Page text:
Permeable pavement reduces stormwater runoff by allowing the underlying media layer to infiltrate and percolate stormwater runoff. This lets treatment mechanisms happen at the source, and helps to increase groundwater recharge. In cold weather climates, this technology reduces the formation of a frost layer, mitigating the need for salt use and reducing allocation of municipality money dedicated to de-icing roadways. Also, a reduction in energy use has been demonstrated due to a reduction in the urban heat island effect.
(Slide 8) The planting and protection of an urban tree canopy provides many social, ecological and economic benefits. These include interception of rainfall and runoff, an increased infiltration and soil storage capacity within the media layers, increased evapotranspiration rates, the ability to support biological communities within root zones or rhizospheres. The urban tree canopy can also significantly reduce residential heating and cooling costs by providing shade and by acting as a windbreak. The canopy also provides a reduction in air pollution contaminants such as nitrogen dioxide, sulfur dioxide and ozone, as well as increasing habitat for many species.
(Slide 9) Rainwater harvesting includes the capturing and storing of rainwater within cisterns or rain barrels to be used for onsite irrigation, toilet flushing, car washing or any other later use. By reducing the volume of water leaving a site from impervious surfaces, you reduce the mass of pollutants entering the receiving downstream ecosystems, restoring the health and vitality of the local watershed. These systems are also extremely effective in arid climates by reducing the dependency on limited water supplies.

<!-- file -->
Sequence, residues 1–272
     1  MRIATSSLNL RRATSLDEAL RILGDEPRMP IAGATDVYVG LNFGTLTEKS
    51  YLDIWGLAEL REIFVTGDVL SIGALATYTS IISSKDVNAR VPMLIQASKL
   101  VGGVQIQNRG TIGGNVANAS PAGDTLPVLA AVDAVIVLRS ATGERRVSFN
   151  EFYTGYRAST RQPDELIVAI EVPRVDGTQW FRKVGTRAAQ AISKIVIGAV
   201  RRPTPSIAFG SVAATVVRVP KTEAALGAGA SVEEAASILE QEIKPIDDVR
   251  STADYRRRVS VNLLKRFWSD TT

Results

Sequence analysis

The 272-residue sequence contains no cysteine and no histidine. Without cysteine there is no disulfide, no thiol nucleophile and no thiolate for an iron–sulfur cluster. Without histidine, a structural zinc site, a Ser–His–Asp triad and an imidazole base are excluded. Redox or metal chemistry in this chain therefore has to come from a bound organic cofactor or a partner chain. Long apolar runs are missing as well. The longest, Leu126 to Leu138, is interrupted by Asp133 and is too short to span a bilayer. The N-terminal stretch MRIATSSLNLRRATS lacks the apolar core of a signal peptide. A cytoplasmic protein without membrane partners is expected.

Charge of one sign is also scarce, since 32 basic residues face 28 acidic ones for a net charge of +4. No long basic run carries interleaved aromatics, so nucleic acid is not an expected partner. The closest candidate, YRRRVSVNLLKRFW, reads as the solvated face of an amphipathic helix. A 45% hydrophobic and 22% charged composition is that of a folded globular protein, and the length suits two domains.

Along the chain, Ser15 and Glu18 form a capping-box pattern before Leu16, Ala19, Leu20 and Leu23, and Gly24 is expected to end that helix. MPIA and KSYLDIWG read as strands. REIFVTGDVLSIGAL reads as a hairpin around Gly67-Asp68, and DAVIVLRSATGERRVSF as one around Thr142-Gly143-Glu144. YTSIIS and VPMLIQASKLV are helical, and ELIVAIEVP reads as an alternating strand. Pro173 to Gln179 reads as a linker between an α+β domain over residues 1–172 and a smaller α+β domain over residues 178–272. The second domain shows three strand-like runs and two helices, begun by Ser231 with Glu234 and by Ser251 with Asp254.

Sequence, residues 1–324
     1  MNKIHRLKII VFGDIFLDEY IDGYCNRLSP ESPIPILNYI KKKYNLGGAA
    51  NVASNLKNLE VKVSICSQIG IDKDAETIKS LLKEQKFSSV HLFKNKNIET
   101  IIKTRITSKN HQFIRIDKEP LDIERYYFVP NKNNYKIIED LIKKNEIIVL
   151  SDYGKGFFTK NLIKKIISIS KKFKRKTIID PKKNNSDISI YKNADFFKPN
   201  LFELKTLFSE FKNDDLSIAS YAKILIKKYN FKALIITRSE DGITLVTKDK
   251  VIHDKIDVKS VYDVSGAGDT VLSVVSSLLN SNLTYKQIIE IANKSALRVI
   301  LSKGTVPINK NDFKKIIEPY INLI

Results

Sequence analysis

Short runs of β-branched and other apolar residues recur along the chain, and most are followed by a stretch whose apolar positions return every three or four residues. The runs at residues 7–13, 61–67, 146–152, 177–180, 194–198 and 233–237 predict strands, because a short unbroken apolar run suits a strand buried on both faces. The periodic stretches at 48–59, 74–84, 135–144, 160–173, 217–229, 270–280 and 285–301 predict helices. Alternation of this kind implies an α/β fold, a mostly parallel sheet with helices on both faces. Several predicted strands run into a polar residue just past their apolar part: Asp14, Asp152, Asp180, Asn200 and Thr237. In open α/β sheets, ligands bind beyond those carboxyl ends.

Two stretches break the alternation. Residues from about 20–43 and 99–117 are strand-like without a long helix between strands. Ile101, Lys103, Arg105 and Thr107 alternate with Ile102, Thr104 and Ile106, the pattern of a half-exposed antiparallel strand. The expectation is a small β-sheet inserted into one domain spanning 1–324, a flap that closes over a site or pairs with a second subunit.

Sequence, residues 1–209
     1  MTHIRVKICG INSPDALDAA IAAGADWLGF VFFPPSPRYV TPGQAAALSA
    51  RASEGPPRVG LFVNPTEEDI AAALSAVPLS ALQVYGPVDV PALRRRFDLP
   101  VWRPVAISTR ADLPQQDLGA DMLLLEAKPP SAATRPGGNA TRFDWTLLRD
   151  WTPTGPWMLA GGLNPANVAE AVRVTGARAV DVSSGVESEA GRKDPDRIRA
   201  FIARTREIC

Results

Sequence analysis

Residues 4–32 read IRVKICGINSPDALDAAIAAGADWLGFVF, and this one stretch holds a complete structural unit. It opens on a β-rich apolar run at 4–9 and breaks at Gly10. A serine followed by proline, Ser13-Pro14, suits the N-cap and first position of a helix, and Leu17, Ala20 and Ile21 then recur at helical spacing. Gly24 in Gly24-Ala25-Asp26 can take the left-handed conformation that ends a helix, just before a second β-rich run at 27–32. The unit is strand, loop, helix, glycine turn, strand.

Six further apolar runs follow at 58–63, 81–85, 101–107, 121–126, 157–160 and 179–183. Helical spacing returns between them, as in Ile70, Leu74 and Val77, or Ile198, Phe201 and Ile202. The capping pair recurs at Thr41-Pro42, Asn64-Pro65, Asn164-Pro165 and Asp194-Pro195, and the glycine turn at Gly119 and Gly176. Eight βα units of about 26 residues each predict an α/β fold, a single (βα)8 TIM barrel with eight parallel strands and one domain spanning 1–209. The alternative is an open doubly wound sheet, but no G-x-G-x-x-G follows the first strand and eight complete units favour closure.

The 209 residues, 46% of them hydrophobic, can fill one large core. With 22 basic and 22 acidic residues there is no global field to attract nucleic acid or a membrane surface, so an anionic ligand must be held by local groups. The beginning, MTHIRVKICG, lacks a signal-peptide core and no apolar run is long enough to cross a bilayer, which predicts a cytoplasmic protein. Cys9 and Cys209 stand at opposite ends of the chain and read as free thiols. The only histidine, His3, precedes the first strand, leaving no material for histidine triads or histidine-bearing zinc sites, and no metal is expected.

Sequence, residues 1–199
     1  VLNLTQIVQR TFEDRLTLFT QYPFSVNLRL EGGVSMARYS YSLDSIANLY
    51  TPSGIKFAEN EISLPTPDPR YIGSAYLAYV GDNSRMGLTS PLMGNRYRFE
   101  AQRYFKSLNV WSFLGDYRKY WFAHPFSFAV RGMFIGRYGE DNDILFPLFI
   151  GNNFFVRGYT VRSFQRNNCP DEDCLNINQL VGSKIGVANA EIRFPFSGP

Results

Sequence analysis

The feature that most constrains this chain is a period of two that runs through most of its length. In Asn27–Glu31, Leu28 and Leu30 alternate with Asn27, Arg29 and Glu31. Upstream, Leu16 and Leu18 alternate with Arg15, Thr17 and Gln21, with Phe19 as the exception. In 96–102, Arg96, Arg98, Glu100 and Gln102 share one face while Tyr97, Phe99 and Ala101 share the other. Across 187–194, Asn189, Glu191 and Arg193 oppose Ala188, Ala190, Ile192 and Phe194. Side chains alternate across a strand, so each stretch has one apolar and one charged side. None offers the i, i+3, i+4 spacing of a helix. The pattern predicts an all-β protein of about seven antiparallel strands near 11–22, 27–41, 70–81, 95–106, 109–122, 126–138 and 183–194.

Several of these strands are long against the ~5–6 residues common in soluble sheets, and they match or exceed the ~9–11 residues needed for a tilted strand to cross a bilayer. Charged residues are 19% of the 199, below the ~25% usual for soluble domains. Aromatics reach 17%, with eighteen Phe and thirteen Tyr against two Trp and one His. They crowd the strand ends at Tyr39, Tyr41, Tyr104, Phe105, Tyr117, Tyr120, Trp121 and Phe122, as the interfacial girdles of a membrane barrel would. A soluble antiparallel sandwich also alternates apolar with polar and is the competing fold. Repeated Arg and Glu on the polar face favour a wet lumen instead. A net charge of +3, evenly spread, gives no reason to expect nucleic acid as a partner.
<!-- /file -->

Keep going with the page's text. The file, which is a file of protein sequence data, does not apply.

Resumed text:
(Slide 10) Downspout disconnection is the process of redirecting roof runoff away from traditional storm sewer collection systems to rain gardens, bioswales, planter boxes, and other GI technologies on-site. These systems allow for infiltration, improved water quality and treatment efficiency on-site and at the source of runoff. Shown to reduce directly connected impervious areas (DCIA) by 40-44%. (Salim, 2002)
(Slide 11) Green streets and alleys refers to the integration of permeable pavement, bioswales, planter boxes, bioretention and native vegetation into the urban streetscape. These systems are designed to store storm event volume, promote evapotranspiration and biogeochemical processes. Benefits of green streets are equivalent to the benefits of green infrastructure and low-impact development. Green streets combine the principles of GI and LID into a product that can be implemented into the urban landscape.